Multi-System Morbid Disease Associated With Mutations Ostensibly Affecting Non-Protein Synthesis Activities Of A tRNA Synthetase
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About The Author

Wendy Chung, M.D., Ph.D. is a clinical and molecular geneticist who directs the DISCOVER and TREATMENT programs at Columbia University and performs human genetic research. She is a tenured professor of pediatrics and medicine. She received her B.A. in biochemistry and economics from Cornell University, her M.D. from Cornell University Medical College, and her Ph.D. from The Rockefeller University in genetics.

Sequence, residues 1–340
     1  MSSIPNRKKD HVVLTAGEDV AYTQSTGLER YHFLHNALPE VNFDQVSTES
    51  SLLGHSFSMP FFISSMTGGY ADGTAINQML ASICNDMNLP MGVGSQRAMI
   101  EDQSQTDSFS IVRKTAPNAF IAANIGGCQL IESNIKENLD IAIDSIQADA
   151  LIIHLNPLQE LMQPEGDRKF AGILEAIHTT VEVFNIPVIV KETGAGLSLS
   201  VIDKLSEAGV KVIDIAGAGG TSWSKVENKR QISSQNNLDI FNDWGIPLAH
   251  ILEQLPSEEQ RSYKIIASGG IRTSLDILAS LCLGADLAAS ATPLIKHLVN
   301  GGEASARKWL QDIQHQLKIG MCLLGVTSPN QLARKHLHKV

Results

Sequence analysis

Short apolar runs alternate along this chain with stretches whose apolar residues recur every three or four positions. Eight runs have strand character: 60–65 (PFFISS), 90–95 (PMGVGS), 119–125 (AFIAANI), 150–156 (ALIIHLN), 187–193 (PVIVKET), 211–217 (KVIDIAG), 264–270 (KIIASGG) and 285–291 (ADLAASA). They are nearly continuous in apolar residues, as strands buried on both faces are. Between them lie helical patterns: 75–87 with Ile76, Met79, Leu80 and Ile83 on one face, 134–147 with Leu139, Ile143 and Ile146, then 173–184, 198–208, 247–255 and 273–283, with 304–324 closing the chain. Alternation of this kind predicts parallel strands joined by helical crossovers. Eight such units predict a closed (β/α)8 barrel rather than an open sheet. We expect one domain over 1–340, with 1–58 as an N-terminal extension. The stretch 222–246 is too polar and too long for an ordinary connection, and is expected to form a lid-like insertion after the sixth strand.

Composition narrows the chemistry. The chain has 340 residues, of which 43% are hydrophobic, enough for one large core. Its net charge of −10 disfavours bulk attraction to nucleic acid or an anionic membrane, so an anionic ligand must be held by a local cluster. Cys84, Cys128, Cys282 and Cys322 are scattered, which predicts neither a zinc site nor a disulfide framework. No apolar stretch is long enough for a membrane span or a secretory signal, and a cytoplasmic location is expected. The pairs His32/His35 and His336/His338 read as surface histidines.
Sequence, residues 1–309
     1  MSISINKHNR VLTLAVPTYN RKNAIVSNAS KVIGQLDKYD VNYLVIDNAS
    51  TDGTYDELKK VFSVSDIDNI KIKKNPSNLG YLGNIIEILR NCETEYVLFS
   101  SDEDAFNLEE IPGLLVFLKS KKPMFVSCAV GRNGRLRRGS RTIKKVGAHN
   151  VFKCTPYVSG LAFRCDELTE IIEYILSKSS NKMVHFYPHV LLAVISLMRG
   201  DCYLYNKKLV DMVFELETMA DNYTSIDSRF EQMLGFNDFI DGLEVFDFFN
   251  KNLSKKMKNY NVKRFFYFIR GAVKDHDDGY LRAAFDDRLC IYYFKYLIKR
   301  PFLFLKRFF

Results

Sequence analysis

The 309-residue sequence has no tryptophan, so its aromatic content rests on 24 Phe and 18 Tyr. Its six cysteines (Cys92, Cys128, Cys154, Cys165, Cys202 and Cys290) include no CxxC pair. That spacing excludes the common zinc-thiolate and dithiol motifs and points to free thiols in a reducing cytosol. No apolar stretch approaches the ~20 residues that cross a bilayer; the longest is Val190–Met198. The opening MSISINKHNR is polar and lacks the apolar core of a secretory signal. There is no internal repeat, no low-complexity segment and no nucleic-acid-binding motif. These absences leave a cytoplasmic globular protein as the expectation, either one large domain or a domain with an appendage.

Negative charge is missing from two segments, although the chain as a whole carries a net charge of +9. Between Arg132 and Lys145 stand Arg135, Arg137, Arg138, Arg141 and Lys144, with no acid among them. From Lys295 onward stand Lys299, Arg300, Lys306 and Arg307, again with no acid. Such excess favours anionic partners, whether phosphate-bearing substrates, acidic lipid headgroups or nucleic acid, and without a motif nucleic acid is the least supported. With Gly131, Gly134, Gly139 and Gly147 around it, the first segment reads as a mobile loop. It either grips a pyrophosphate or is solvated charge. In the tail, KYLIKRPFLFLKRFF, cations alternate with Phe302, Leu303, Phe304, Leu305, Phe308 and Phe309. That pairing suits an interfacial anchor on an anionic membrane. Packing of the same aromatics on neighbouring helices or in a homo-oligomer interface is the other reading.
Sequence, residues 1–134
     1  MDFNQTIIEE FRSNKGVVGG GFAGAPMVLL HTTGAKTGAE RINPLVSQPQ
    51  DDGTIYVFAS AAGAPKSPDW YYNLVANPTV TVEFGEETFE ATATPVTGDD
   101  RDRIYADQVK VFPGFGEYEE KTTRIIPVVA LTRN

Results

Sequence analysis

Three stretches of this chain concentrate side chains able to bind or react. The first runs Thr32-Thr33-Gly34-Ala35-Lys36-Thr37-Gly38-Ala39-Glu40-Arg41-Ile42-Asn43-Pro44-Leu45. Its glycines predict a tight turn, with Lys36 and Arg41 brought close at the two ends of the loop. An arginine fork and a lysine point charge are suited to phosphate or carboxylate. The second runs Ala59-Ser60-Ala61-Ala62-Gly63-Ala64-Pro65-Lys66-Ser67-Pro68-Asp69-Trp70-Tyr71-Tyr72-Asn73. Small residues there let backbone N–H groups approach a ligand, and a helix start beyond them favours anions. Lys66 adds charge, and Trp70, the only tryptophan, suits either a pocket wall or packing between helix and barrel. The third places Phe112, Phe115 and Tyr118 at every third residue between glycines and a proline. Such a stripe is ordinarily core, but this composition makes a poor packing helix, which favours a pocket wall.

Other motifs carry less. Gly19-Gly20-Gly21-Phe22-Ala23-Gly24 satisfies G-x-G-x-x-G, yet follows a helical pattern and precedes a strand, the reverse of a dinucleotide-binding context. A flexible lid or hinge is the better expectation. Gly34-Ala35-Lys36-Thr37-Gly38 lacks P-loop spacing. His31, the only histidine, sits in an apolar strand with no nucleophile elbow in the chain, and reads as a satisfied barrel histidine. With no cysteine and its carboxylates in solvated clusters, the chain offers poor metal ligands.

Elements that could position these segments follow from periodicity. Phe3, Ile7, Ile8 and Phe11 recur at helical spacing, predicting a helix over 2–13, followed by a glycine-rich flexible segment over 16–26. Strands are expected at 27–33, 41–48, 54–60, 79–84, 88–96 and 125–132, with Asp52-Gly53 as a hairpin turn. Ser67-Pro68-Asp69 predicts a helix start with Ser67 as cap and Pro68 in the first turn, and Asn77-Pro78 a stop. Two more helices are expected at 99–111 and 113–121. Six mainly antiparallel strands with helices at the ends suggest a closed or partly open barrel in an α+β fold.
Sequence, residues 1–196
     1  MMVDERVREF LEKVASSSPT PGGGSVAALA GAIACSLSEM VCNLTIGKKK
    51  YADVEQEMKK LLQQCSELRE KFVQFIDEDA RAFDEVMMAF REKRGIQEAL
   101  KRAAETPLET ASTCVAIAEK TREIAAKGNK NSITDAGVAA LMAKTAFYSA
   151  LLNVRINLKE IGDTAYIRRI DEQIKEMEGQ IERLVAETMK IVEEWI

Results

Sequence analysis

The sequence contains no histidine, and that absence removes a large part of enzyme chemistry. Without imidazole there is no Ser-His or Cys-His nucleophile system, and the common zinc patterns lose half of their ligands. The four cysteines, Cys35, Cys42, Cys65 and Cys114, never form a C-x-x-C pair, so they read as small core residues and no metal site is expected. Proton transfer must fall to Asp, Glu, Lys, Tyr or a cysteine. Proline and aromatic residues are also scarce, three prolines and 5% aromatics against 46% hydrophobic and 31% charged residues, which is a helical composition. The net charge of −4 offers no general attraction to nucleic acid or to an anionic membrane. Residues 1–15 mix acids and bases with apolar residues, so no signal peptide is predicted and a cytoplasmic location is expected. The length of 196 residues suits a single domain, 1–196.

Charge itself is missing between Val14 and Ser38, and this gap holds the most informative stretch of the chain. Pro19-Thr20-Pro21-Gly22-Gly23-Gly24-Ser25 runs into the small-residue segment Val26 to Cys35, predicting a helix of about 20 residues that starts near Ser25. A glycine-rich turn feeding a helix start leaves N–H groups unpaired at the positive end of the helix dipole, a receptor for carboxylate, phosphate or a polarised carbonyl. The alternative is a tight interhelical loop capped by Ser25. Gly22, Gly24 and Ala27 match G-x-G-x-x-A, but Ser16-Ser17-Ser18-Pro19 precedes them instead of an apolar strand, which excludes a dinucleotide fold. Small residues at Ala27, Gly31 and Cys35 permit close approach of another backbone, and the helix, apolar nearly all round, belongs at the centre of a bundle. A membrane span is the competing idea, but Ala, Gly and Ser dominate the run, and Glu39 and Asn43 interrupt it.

Multi-System Morbid Disease Associated With Mutations Ostensibly Affecting Non-Protein Synthesis Activities Of A tRNA Synthetase

Aminoacyl-tRNA synthetases (aaRSs) are a family of ancient enzymes. Their primary function is to build proteins by loading up the proper amino acids to charging transfer ribonucleic acids (tRNAs). In recent decades, this protein family has been increasingly studied for non-classical functions beyond protein synthesis. In humans, this family of proteins is encoded by 37 genes, with 17 encoding the cytoplasmic aaRSs, 17 encoding the mitochondrial forms, and 3 bi-functional aaRSs functioning in both cytoplasm and mitochondria. Up until 2017,...

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